What was the Sugar Act? Impact and History

In the buildup to the American Revolution, British Parliament struggled to assert authority over the distant Thirteen Colonies. Before the escalation of troop involvement that would ultimately lead to the Colonies declaring their independence, Parliament endeavored to establish their control through taxation. This taxation proved a central sticking point to the Colonies, and dislike of taxes has remained a recurring theme of many political platforms throughout the United States’ history as a result.

Though the Stamp Act is perhaps the most well known of these taxation efforts, other similar bills were passed and repealed over the years as the British government sought to assert control over the distant American colonies. One of these taxes was on sugar, and knowing what was the Sugar Act not only delves into Parliament’s feud against the Colonies but also sheds light on the broader British economy.

Boston during the sugar act
Boston harbor during the 1700s. MPI / Getty Images

What was the Sugar Act?

The Sugar Act, also known as the Plantation Act, or, tellingly, Revenue Act, of 1764 was partially modification on the soon to expire Sugar and Molasses Act of 1733.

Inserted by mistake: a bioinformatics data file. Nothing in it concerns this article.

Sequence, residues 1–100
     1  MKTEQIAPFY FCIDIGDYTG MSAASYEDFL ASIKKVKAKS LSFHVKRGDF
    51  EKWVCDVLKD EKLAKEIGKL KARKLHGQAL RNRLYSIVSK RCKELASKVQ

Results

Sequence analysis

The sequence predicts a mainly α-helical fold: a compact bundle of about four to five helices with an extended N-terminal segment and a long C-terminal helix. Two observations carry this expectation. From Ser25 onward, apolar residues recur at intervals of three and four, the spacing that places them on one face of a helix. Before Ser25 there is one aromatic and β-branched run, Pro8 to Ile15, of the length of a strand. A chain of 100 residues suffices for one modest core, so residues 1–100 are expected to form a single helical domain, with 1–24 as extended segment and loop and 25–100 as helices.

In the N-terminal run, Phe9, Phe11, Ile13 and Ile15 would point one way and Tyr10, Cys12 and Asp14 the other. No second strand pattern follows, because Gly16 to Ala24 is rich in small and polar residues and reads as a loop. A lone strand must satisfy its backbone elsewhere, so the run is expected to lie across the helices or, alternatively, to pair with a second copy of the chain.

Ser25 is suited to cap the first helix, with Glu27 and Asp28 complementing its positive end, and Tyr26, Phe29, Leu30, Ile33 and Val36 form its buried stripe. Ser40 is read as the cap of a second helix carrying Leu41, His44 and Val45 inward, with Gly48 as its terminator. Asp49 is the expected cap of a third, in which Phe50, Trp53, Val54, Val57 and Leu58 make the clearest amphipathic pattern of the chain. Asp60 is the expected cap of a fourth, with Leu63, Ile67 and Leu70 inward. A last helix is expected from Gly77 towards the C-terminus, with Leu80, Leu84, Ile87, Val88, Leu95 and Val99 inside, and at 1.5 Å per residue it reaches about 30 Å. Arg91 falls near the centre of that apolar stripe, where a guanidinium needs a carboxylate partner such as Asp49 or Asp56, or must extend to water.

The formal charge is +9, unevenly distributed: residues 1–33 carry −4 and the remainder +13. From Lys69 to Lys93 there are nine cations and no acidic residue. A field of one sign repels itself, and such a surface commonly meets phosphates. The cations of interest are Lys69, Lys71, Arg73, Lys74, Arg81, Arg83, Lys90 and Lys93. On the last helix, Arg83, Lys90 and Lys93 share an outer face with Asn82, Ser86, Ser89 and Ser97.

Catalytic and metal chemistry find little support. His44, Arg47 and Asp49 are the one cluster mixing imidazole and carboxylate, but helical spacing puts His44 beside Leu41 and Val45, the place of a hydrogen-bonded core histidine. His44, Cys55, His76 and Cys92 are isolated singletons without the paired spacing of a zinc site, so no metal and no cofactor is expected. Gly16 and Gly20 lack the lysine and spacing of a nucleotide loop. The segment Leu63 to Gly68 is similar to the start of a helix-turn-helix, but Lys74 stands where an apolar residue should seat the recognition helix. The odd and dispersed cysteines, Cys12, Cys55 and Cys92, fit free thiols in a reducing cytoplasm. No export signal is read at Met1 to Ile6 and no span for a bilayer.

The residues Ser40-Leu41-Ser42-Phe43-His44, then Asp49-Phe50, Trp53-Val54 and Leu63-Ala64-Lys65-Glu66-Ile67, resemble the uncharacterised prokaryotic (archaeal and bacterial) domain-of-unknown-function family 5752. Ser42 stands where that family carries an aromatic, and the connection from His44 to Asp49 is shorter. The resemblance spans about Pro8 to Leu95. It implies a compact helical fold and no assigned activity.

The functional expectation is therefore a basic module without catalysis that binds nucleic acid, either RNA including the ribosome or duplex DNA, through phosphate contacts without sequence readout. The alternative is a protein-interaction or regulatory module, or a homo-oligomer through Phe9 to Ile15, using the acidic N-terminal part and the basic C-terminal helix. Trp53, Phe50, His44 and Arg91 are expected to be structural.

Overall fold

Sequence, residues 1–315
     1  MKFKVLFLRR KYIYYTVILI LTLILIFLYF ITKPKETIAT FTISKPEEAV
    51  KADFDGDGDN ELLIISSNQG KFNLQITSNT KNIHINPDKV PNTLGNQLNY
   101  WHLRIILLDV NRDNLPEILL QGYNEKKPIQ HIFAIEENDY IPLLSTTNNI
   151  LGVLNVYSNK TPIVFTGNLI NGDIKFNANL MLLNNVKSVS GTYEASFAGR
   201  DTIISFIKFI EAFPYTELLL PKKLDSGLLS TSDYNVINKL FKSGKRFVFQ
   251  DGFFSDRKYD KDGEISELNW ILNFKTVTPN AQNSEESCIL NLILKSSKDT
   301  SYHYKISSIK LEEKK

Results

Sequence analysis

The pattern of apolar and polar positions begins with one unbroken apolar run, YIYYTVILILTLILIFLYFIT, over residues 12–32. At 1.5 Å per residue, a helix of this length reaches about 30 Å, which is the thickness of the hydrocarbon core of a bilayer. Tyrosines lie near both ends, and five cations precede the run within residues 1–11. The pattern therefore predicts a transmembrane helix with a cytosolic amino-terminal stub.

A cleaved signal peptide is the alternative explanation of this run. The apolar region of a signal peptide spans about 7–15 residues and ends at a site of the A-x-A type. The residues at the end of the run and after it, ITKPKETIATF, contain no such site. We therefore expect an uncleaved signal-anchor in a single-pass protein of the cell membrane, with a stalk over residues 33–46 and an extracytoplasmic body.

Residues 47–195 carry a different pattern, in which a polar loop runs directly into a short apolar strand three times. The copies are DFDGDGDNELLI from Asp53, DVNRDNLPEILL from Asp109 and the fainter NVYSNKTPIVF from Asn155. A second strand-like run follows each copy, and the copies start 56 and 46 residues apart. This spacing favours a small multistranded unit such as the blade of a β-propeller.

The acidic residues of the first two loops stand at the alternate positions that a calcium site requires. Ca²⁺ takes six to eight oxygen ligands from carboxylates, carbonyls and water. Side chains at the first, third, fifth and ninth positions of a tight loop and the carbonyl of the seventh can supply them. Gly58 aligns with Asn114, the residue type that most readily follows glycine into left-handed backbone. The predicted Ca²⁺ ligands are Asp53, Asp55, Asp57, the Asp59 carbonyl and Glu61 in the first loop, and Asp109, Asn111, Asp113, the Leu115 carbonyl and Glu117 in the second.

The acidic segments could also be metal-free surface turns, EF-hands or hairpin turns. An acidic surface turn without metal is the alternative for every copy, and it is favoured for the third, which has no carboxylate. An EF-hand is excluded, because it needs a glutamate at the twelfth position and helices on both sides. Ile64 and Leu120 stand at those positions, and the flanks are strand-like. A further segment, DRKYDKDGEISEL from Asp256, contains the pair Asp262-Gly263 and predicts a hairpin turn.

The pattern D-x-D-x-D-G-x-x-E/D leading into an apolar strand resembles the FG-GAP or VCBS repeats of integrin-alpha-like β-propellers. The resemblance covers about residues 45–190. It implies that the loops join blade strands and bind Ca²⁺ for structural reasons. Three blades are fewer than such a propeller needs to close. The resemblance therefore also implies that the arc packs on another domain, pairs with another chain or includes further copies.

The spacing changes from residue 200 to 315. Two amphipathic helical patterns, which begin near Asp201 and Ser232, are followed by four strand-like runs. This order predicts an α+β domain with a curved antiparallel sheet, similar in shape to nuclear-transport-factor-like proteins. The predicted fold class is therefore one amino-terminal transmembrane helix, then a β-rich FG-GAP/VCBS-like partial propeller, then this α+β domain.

Under this act, Colonial merchants paid a tax of six pence per gallon on foreign molasses. The British colonies in the Caribbean made molasses, of course, but the British heavily discouraged trade between their colonial holdings. This policy was because people’s understanding of economics at the time failed to understand how commerce worked.

As a reminder, there are twelve pence in a shilling and twenty shillings to the pound. A skilled artisan could make twelve shillings a day in Colonial America, but they were the minority. In any case, the British government discouraged specie circulation in the Colonies, so much of the international commerce would have been on credit.